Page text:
100 Hole HikeAugust 8, 2018
The Beige BookAugust 24, 2018
Performance is key.
The funny thing about math is that the numbers don’t lie. Portfolio managers can talk all about how complex and sophisticated their strategies are but if the performance is absent, that’s a major problem. In this step of the analysis, we attempt to answer the question of how is this fund performing? This is only one side of the coin though. The other side is how we expect a fund to perform in certain environments so we must also ask, how should this fund be performing? This is the side that tends to get overlooked when comparing a fund to both its benchmark and its peers. For example, the interest rate climate we are in right now would suggest a pullback in the prices of bonds and therefore a pullback in bond funds. This is especially true for bond funds with a higher sensitivity to changes in interest rates because they hold longer maturity bonds in their underlying portfolio, this is also known as “Duration”. The Fed has already raised rates a few times this year and has signaled more to come. Knowing that, we’d expect to see some pullback in our core bond funds and we have. If we look at one of our core holdings, the Segall Bryant & Hamill Plus Bond Fund (WIIBX) we can see evidence of that. Year to date, the fund is down -1.11% while it’s benchmark, the Barclays US Aggregate Bond Index, is down -1.59% and the Intermediate Term Bond Category (its peers) is down -1.41% . Because of this, it’s been in the top quartile performance-wise so far this year in comparison to similar funds. In climates where we’d expect it to perform, it so far has. In 2016, the fund was up 4.01% while the benchmark in that same year was only up 2.65%. In 2017, WIIBX was at a positive 4.81% while its benchmark lagged behind at a positive 3.54% . We can confirm this as having been a strong performing fund based on the classic Modern Portfolio Theory statistics of R-Squared, Beta, and Alpha. WIIBX shows its “best-fit” index is the Barclays Agg because of its high R-Squared value of 94.33% (100% is essentially a perfect fit). Its Beta of 0.95 to the index also suggests its highly correlated and taking both of these into account together means that the direction of movement of its price can be explained by movement of its comparative benchmark. Looking at Alpha however, suggests that management has been successful in generating returns above that of the benchmark and we can see that in the numbers described earlier from 2016 to current. Alpha for this fund has been 0.84% for the last 3 years. This is why it’s important to look at the full story of what the numbers tell us when looking at performance. By comparing it to the most relevant benchmark and to its category peers in the scope of how we expect it to behave, we can then make the best judgement of its performance.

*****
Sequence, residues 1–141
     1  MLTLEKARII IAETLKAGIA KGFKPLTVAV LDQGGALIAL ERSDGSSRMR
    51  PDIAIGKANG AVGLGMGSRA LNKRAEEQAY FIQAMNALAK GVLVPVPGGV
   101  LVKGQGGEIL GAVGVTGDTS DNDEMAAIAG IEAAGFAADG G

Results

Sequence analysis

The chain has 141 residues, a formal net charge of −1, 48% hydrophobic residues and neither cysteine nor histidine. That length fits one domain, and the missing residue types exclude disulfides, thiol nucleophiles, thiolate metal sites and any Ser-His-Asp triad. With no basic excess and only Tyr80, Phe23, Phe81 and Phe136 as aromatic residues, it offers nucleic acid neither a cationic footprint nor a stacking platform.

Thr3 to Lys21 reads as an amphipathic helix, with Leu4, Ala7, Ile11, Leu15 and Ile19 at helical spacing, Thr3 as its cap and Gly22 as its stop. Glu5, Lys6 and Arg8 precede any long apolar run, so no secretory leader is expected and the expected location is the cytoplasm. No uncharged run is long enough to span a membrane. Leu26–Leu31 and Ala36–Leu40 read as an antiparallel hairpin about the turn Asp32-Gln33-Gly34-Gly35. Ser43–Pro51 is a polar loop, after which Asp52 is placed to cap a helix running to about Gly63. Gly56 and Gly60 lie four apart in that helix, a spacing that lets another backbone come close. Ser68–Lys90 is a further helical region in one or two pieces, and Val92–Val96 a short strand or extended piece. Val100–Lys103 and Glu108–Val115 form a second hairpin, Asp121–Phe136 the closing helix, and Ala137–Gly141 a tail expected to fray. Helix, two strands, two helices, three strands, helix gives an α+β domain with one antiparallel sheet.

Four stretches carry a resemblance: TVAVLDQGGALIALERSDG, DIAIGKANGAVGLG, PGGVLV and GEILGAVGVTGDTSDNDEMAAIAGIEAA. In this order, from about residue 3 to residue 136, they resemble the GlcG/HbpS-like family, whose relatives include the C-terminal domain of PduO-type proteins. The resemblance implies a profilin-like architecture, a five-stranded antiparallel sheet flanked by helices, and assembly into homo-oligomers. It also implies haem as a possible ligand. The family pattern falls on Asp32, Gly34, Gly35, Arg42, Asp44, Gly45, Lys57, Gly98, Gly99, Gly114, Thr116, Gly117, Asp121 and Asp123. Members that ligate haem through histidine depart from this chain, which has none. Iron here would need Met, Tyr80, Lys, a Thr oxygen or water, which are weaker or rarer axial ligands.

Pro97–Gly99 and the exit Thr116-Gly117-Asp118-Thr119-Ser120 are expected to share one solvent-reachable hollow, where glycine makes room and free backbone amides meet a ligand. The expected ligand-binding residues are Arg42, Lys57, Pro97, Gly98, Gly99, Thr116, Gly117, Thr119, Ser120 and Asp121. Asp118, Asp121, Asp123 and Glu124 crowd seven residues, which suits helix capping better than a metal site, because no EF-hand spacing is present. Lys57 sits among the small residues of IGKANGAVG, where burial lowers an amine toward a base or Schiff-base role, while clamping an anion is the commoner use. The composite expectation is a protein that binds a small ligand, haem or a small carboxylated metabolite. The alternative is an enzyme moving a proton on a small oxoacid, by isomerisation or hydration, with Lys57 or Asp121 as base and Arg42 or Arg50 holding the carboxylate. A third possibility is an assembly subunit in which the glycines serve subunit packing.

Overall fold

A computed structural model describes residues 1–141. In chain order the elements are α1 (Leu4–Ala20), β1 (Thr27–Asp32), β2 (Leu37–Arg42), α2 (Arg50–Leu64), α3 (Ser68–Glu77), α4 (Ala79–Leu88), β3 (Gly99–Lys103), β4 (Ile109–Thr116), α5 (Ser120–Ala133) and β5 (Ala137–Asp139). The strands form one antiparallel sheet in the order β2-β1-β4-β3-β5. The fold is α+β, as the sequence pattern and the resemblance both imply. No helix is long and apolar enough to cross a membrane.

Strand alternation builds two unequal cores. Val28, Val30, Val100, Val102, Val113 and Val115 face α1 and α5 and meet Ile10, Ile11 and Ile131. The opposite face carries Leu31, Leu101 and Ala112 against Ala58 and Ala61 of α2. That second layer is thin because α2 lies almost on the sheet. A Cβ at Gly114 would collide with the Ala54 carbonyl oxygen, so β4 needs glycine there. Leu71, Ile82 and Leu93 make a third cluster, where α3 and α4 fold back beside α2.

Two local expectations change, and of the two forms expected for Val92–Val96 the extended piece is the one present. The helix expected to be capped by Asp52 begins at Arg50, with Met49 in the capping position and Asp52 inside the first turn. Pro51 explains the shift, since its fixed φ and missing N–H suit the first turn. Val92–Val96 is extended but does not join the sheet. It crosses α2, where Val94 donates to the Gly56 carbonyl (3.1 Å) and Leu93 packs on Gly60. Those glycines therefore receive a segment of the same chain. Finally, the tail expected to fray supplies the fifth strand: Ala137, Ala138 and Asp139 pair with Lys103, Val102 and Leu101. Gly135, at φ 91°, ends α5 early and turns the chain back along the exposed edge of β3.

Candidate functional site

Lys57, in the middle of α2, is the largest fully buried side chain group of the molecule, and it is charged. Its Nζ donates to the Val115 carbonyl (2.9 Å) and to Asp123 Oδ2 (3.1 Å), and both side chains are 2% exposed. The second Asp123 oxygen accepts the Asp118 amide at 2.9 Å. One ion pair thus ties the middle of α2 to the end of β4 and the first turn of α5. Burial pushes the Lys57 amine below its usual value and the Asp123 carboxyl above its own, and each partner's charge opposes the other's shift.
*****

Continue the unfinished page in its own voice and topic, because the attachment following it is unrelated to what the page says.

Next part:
Griffin Sheehy, Financial Analyst